Hackard Law, a California law firm representing clients in trust, estate and probate litigation, is regularly called upon to enforce a wronged beneficiary’s right to an accounting from an uncommunicative, recalcitrant or duplicitous trustee. While California probate courts will follow the law and order a trustee to provide an accounting, this is only part of what is often necessary to safeguard the beneficiary’s trust interests and to prevent further harm to an innocent beneficiary.
Trustee actions leading to the necessity of filing a petition for a court-ordered accounting often include the trustee’s refusal to make trust distributions. Waiting on an inheritance is a continual source of frustration to estate and trust heirs or ben[...]
When it appears you are cut out of an estate, probate distribution or inheritance from a trust, you should promptly seek counsel. Time is critical, as there are a number of statutory provisions that limit will, estate and trust challenges. The law does not favor those who sit on their rights. Statutes of limitation are uniform throughout California – whether the trust or probate dispute arises in San Francisco, Oakland, Sacramento, Los Angeles or San Diego.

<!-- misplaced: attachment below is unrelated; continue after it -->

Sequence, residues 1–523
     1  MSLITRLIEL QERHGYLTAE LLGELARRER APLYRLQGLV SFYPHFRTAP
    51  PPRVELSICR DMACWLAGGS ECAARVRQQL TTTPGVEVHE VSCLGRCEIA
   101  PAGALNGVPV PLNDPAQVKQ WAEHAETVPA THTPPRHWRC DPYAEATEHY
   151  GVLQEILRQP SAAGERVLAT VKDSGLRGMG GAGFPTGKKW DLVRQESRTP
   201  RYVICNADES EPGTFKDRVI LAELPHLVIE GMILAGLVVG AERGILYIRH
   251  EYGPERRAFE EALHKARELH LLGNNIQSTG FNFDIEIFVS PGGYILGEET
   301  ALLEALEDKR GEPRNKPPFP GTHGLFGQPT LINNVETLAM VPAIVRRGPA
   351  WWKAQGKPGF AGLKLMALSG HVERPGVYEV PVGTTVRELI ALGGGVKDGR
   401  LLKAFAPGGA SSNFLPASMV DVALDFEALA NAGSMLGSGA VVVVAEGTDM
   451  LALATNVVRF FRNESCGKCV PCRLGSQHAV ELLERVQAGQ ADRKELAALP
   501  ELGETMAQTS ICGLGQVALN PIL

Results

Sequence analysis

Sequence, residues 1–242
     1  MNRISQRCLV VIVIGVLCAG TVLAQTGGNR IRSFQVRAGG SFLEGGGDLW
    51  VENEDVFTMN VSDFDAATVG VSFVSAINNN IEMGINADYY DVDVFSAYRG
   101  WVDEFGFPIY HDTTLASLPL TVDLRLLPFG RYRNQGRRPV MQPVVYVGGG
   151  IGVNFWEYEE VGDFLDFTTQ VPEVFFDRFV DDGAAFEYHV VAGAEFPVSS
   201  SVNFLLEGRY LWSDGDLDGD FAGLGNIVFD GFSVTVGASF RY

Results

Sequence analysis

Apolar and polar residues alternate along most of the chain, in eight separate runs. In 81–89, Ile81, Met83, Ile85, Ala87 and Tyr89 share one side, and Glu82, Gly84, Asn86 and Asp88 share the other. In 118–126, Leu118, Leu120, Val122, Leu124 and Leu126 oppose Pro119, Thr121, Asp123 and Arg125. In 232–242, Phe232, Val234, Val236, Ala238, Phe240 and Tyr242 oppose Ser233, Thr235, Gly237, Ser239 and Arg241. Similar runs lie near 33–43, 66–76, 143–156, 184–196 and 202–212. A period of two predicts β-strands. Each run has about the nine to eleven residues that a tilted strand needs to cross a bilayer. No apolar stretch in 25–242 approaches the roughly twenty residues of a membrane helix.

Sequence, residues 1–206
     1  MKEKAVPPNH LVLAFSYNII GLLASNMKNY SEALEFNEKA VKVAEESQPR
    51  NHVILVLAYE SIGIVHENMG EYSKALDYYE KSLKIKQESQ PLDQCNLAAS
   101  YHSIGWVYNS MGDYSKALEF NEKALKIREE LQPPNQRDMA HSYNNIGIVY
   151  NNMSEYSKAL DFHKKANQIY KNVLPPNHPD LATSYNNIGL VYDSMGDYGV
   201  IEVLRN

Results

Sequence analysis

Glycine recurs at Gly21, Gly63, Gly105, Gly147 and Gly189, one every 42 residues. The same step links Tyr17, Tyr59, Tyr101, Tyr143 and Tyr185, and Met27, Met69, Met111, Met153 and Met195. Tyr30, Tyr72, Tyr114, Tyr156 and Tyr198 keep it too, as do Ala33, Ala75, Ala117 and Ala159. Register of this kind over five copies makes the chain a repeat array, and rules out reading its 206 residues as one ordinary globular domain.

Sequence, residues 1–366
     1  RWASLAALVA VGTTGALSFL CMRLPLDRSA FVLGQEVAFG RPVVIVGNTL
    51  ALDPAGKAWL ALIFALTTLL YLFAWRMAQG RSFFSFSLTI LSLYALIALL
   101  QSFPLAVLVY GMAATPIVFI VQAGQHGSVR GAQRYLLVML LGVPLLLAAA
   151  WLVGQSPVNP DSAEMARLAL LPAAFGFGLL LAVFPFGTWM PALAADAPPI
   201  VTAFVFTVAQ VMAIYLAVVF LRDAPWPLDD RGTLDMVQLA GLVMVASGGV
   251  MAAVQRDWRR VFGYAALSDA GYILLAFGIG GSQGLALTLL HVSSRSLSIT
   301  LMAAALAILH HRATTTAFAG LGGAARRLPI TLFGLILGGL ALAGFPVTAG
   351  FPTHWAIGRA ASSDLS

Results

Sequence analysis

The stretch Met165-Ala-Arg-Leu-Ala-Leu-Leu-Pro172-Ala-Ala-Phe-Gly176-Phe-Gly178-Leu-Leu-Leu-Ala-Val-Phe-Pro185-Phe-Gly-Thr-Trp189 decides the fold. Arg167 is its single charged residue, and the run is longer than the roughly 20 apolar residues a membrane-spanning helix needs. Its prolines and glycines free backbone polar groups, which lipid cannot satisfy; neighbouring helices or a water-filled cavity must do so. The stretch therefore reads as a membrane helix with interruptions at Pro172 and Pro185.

Those confronted with disinheritance often face stark choices. Grief, betrayal and disbelief are a potent mix that may easily delay or eliminate any challenge against a wrongdoer. For those who seek action, there may be difficulties in paying for an estate and trust litigation attor[...]
Over years of litigating probate, trust and estate battles in California Superior Courts, our clients frequently ask the question: Do many families go through estate battles like the one we are experiencing?
Estate litigation battles, often outgrowths of disputes within families, have their own distinctive troubles. That said, the more estate fights we see, the more certain prevalent patterns become evident.
We've identified five of the most common court motions in probate, trust and estate battles. We hope that this list helps those who may be facing trust or estate battles.
Petitions against Former Trustees Alleging Wrongful Acquisition and Misappropriation of Trust Assets
Petition For Order Removing Co-Trustee and Appointin[...]